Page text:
Title: I Was Here
Author: Gayle Forman
Rating: ★ ★ ★ 1/2
Genre: Contemporary, Young Adult
Format Read: ARC, 288 pages
Publication Date: 1st February 2015 by Simon & Schuster Australia
Synopsis:“From the bestselling author of If I Stay – this summer’s YA blockbuster film.
This characteristically powerful novel follows eighteen-year-old Cody Reynolds in the months following her best friend’s shocking suicide.
As Cody numbly searches for answers as to why Meg took her own life, she begins a journey of self-discovery which takes her to a terrifying precipice, and forces her to question not only her relationship with the Meg she thought she knew, but her own understanding of life, love, death and forgiveness.
A phenomenally moving story, I Was Here explores the sadly all-too-familar issue of suicide and self-harm, addressing it in an authentic way with sensitivity and honesty.” (Taken from Simon & Schuster Australia)
This book absolutely surprised me, and in a good way. I’ve only read one other Gayle Forman book and that is If I Stay. To be quite honest I wasn’t all that enamoured by it and felt the writing style was quite choppy with all the flashbacks and such. I expected a similar feel to I Was Here, but was pleasantly surprised when a lack of flashbacks occurred.
This new book is very different to If I Stay, especially in terms of themes. However, Forman’s solid writing style remains the same as she creates believable characters that you can easily relate to. In I Was Here, we follow a small town girl called Cody whose best friend, Meg, took her own life. As Cody comes to terms with what happened, she embarks on a journey to look for the answer of why Meg – the person she thought had everything together – would take her own life.
Cody’s relationship with Meg was strained when Meg left their small town to attend college near Seattle. Unable to follow due to a lack of funds, Cody was left behind. Their friendship becomes strained along the way so when Meg is suddenly gone, Cody can’t help but blame herself for contributing somewhat to Meg’s suicide. However, Cody soon discovers a bunch of deleted emails and an encrypted folder on Meg’s computer that sets her on a journey to discover who else may have played a part in Meg’s death.
While the book moved along very slowly, the story was interesting enough to have me flipping through the pages. Cody, who’s so estranged from the world without Meg, soon discovers that there’s much more to life than enclosing herself to the stereotypical small town life. She soon becomes friends with all of Meg’s college roommates during her search for answers, and even finds love with a ‘bad boy’ guitarist who’s linked to her friend as well.
The relationship I loved most was the one Cody had with her mum. Not your typical mother-daughter relationship, Cody calls her mum Tricia and they often lack a sense of familial bond as her mum had her very young. But when the time comes and Cody needs the reassuring love of family, Tricia manages to step up to the plate. They have a very special and delicate relationship, but it was so realistic and believable I couldn’t help but shed a few tears towards the end.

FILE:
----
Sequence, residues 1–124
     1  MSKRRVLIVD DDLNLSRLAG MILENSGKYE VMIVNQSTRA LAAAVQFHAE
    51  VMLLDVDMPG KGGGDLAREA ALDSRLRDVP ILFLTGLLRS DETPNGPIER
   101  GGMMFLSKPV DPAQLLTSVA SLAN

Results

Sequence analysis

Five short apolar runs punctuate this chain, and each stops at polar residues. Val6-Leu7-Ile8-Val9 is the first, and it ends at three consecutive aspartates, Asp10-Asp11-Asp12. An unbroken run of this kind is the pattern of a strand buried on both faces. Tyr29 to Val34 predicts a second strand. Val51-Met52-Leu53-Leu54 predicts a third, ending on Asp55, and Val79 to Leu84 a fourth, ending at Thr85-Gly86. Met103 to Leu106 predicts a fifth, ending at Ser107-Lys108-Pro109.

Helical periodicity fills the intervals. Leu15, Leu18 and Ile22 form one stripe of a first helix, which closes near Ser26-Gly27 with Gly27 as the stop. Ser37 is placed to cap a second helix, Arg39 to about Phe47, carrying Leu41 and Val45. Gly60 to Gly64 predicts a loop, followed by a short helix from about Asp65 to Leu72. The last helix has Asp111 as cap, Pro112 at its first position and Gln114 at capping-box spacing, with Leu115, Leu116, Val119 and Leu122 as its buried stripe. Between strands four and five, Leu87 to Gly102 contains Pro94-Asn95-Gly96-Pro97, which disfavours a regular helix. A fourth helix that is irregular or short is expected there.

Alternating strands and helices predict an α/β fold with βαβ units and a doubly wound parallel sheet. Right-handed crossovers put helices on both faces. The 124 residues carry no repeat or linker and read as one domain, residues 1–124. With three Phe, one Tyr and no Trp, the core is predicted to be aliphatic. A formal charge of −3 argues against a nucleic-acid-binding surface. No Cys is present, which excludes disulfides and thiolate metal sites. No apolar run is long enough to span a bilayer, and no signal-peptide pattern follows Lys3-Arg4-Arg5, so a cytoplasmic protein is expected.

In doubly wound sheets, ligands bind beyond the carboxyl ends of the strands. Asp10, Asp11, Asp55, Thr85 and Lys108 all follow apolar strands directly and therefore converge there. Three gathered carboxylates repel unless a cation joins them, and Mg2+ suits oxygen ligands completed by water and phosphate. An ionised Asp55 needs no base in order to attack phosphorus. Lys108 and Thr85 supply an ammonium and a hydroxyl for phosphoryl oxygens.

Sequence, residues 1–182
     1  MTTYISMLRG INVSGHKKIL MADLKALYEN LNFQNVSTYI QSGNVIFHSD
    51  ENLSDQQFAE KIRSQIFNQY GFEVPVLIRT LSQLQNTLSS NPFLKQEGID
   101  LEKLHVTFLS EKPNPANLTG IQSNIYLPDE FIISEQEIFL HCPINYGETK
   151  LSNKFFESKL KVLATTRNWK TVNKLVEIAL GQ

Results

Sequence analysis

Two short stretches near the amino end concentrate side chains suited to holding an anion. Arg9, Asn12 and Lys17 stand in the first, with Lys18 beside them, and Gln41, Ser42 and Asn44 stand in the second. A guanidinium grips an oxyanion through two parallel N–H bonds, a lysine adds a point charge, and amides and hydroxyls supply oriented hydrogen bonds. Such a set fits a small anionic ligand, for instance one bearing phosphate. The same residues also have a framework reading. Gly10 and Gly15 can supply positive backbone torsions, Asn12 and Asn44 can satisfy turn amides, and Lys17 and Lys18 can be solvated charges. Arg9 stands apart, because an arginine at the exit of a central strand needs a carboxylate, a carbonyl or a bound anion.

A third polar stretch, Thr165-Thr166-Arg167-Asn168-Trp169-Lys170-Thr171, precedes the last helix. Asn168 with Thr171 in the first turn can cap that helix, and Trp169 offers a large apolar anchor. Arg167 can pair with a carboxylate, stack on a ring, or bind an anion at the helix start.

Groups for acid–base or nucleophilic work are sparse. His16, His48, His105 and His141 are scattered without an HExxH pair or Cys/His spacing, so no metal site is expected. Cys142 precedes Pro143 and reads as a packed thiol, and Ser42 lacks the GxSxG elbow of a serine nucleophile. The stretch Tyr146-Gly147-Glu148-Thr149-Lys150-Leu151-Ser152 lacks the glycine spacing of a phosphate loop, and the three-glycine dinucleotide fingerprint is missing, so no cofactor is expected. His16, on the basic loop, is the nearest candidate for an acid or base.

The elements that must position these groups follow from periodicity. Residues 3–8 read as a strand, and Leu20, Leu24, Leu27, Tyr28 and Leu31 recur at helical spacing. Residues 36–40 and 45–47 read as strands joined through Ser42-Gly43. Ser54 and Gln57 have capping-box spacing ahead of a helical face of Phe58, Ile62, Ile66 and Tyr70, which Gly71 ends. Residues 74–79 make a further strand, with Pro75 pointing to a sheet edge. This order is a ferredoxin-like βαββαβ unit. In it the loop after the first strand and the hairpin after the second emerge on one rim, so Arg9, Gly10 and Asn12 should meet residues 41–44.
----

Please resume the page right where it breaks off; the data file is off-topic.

Cody’s bond with her romantic interest, Ben, was a little odd. Ben is connected to Meg as they were friends prior to Meg’s suicide and even had sex once. When Cody discovers Ben’s cold emails to Meg, she jumps to conclusions and blames Ben for his part in Meg’s death. However there’s more than meets the eye with player Ben, and Cody soon begins to lean on him more and more as her search for answers deepen and she discovers a suicide assistance forum that Meg spent time on.
Once Cody discovers the forum, I found her actions turned shadier and shadier. Forman wrote her in such a nonchalant way that the reader barely thinks twice about what Cody does – but when you step back and reflect on the book, I personally could not help but feel a little irked by her actions. Everything she did from that point on can be considered stalking, but the issue is never addressed. Stalking is never the answer, especially assessing private information like someone’s address without permission. Regardless of Cody’s emotional stability at the time, someone within her circle should have brought up the issue with her, yet they all just watched as the trainwreck rolled on.
Aside from my issue with Cody’s shady actions towards the end, the book was very enjoyable! I liked it a lot more than If I Stay and didn’t mind the romance either since it didn’t overtake the actual story. Forman definitely has a way with exploring the sensitive issues in life because she does it in a way that doesn’t scrutinise or downplay taboo topics. There’s a delicate line when handling such a topic in novels intended for the YA audience, and I’m glad to say that Forman neither crosses it nor negates the seriousness of the issue. She writes about it with a touch of reality that you can’t help but think about its possibility of occurrence no matter who or where you are in the world.
While I wouldn’t rush out to read all of Forman’s books, I will continue to praise her for her handling of topics that most people wouldn’t tackle.
This was overall a solid read that Forman fans would definitely love.
Thank you to Simon & Schuster Australia for providing an ARC in exchange for an honest review as part of a campaign with Aussie YA Bloggers & Readers on Goodreads.